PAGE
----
The quote by Eindhove is my comment, hence my reply: If you´re walking in my photographic studio and hire me for a nice family shot then it´s also "work for hire" same when you order me to shot your daughters wedding. Though the copyright belongs to the photographer. That´s where they live from, that you come and order a few prints. And in nearly every case of a professional photographer there´s a copyright note on the backside so that they can not go to the next shop and order a print from the print.Vikki wrote:[...]If the photographer took the photo as "work for hire" as Christian says in Marcus' quote above--that is, if the photographer was being paid--then the copyright belongs to the agency who was paying the photographer. [...]eindhoven wrote:No one can sell the copyright of any photo, even if he/she wish to do so. Nor is the copyright handed over to any person who buy a print of the negative / file. They copyright is allways in the photographers property. It´s only possible to sell the right of use.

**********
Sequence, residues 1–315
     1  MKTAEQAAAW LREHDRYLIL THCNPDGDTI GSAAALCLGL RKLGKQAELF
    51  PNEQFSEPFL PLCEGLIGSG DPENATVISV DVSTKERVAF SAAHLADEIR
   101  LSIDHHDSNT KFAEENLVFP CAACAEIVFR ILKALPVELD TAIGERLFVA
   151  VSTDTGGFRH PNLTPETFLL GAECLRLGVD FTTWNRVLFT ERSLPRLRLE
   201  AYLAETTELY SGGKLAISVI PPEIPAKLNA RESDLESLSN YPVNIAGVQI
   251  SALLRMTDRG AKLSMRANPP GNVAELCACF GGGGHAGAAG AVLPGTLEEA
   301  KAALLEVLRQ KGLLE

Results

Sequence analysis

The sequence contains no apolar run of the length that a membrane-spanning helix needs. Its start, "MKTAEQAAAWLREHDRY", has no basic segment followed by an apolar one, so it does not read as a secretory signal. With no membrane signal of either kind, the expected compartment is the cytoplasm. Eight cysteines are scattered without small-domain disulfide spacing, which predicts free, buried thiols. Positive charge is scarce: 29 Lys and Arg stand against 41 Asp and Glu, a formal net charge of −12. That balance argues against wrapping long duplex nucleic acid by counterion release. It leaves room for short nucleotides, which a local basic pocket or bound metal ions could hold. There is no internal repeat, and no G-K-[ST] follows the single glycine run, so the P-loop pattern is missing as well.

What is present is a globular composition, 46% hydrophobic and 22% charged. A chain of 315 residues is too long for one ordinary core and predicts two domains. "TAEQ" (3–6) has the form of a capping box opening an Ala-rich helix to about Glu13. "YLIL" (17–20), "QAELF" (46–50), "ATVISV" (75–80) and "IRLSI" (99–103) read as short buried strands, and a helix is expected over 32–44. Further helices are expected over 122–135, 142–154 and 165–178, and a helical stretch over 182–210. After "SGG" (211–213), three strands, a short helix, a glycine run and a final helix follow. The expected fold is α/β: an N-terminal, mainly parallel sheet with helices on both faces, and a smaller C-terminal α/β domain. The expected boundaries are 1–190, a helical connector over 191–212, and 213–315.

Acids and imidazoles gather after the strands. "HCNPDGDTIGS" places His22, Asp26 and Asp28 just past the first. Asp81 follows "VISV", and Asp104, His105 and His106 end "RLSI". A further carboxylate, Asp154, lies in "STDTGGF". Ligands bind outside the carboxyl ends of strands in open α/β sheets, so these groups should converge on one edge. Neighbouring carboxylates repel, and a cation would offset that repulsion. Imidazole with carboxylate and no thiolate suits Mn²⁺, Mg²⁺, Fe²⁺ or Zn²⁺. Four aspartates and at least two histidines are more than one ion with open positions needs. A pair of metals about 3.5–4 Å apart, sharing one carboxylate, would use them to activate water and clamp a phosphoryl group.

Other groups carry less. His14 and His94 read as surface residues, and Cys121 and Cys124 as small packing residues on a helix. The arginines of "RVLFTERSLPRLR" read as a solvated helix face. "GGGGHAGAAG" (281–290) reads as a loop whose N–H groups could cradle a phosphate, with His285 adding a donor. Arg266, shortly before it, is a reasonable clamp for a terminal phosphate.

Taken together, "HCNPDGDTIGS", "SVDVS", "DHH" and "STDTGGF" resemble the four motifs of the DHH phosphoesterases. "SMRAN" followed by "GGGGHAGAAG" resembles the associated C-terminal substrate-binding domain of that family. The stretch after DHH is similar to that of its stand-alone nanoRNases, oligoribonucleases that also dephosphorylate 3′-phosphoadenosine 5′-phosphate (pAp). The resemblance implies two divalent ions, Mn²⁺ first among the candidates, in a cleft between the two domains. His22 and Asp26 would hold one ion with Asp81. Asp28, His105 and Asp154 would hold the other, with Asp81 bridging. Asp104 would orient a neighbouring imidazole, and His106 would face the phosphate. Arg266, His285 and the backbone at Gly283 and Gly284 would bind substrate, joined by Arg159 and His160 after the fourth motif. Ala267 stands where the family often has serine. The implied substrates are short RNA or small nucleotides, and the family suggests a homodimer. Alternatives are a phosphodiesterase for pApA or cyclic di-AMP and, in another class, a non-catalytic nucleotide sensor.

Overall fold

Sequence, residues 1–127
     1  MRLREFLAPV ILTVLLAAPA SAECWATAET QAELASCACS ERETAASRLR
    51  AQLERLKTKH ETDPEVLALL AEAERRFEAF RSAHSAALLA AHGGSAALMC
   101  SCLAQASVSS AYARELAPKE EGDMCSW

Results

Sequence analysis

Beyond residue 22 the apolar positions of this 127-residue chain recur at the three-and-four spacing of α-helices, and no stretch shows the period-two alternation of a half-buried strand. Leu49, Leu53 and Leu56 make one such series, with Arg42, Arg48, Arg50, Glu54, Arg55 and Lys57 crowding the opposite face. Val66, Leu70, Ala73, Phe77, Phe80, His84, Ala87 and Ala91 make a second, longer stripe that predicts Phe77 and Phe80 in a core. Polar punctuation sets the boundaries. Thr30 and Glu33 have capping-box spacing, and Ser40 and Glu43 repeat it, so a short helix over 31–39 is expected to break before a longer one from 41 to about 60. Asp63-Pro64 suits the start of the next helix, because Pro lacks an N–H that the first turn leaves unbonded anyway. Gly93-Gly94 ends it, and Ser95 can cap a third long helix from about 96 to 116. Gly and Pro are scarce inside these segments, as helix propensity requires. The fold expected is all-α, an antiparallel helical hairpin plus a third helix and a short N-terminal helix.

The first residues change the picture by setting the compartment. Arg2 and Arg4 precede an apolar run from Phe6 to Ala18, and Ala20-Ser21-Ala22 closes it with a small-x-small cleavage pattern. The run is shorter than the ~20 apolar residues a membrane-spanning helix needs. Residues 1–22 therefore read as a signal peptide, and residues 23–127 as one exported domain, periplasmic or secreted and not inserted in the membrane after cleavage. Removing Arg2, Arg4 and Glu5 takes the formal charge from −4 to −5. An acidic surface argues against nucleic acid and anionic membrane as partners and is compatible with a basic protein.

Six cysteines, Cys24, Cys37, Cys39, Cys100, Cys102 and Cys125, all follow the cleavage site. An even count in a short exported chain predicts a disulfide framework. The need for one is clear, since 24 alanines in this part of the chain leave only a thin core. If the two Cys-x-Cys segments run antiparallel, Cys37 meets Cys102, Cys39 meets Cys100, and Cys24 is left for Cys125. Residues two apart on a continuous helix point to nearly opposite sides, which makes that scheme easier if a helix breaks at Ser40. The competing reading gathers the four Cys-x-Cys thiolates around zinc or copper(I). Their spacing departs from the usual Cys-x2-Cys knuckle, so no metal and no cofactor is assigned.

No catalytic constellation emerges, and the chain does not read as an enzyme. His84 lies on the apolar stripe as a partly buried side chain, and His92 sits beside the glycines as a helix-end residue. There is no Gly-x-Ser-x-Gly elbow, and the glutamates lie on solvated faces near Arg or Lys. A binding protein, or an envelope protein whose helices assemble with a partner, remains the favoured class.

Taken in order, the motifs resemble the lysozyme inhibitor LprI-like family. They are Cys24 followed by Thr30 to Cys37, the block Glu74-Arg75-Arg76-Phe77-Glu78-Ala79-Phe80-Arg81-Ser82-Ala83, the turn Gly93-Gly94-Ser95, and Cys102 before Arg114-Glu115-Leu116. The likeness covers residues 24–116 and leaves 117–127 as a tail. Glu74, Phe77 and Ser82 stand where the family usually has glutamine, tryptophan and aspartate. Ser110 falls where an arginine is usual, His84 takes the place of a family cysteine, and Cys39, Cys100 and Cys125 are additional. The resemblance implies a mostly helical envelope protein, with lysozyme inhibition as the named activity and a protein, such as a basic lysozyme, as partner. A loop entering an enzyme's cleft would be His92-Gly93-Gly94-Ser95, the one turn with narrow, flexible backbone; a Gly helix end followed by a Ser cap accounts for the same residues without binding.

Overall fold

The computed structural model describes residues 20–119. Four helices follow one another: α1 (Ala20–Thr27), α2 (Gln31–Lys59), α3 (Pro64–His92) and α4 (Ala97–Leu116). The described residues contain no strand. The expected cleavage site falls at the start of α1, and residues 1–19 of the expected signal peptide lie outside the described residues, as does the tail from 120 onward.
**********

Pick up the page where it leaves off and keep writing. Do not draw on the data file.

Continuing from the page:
Another example. A company hired me to shot photos of different pets (birds, rabbits,...) for new labels on their pet food. They had to pay me for material, work and addtitional for the constricted use of those photos.
I don´t think that the bigger part on Ebay & Co where one sells some prints of WWII has been shot by photographers working for any news agency.
Otherwise I don´t think that many WWII photographers bequeathed the copyright of their photos to their heir. Most of them where simple men and where happy if they had a camera what was a treasure at the time.
But - there´s allways the chance that one did, and that´s the "problem". As Eindhoven the people unfamiliar with law and copyright knows only about the "50 years time limit".